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Identifying patients with chronic heart failure who may benefit from palliative care: a comparison of the Gold Standards Framework with a clinical prognostic mode
  1. K K Haga1,
  2. M A Denvir2,
  3. J Reid3,
  4. A Ness3,
  5. M O'Donnell3,
  6. D Yellowlees3 and
  7. S A Murray4
  1. 1School of Medicine and Veterinary Medicine, University of Edinburgh, Edinburgh, UK
  2. 2Centre for Cardiovascular Science, NHS Lothian, Edinburgh, UK
  3. 3Heart Failure Nursing Service, NHS Lothian, Edinburgh, UK
  4. 4Primary Palliative Care Research Group, University of Edinburgh, Edinburgh, UK

Abstract

Introduction Heart failure has a worse survival rate than many cancers, yet few patients receive palliative care. The aim of this project was to evaluate the use of Gold Standards Framework (Seattle Heart Failure (SHF)) criteria and the SHF Model in patients with heart failure.

Methods Chronic heart failure patients, in NYHA class III or IV, who were being managed by a heart failure nursing service, were identified. The GSF criteria were assessed by interviewing the specialist nurse responsible for each patient's care. The SHF data were used to estimate mean life expectancy and predicted mortality at 1 year. Patients were followed up after 1 year, to evaluate; (1) all-cause mortality and (2) the sensitivity and specificity of the GSF and SHF to predict death at 1 year.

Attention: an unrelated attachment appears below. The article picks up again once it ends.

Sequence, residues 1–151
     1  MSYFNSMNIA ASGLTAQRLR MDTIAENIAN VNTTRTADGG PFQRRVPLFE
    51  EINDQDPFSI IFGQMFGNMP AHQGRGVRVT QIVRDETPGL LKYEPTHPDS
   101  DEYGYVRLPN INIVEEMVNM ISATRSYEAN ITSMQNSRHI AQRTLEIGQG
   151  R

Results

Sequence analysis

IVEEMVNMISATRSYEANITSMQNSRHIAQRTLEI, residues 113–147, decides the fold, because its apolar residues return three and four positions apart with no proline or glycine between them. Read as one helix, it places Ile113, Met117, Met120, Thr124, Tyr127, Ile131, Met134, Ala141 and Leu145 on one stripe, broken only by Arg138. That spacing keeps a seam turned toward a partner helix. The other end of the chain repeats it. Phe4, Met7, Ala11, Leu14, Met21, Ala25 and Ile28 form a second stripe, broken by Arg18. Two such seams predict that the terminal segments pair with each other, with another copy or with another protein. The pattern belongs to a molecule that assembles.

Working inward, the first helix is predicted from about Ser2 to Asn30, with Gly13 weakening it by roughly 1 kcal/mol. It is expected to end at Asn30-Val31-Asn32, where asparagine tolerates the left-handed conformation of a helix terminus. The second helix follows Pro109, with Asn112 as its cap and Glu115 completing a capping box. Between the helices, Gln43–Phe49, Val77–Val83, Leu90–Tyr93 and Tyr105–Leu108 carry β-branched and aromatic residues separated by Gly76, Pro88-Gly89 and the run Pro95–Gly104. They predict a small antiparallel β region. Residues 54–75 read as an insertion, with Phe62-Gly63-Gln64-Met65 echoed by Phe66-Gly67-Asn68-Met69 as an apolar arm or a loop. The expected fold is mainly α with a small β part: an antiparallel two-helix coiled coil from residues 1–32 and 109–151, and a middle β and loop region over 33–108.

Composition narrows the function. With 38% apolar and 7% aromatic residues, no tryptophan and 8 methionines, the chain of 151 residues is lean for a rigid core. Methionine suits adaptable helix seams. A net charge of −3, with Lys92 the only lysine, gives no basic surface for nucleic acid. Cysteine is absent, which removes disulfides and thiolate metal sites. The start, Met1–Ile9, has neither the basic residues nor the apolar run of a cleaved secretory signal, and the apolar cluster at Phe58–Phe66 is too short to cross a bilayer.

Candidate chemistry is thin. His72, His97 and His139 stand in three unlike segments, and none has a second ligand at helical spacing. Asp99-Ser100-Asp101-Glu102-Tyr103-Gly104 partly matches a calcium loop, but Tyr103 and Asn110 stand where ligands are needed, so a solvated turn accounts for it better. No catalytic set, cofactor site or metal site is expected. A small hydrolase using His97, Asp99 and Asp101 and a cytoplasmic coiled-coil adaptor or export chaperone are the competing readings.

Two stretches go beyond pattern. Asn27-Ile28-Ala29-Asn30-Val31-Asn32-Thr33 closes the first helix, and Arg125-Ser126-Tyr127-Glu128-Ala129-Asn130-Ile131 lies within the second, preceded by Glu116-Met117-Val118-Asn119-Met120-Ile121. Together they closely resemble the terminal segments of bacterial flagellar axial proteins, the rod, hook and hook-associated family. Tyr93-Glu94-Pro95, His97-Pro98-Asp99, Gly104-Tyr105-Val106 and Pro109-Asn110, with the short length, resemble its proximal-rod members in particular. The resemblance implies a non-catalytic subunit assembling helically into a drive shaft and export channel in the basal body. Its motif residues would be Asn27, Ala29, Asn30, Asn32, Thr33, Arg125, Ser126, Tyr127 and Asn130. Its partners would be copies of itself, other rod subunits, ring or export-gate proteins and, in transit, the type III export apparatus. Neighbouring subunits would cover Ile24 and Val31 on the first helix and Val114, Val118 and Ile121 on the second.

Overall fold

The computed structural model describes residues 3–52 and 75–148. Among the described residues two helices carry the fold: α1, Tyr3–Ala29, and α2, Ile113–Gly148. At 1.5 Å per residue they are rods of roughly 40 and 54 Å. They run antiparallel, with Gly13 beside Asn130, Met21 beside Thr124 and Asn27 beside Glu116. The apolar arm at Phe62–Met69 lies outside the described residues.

Results 138 patients were identified through our search. GSF criteria identified 119/138 (86%) patients that met the minimum requirement for palliative care input. However, the SHF model predicted that only 6/138 patients (4.3%) had a predicted life expectancy of less than 1 year. At follow-up, 43/138 patients had died (31%). The sensitivity and specificity for the GSF and SHF model were 22%/83% and 98%/12% respectively.

Discussion Neither the GSF nor the SHF accurately predicted which patients were in the last year of life. The implementation of palliative care in heart failure patients may require a shift away from the traditional ‘end of life’ model used in cancer, and focus on the patient's increasing needs, understanding that death, itself, may remain unpredictable.

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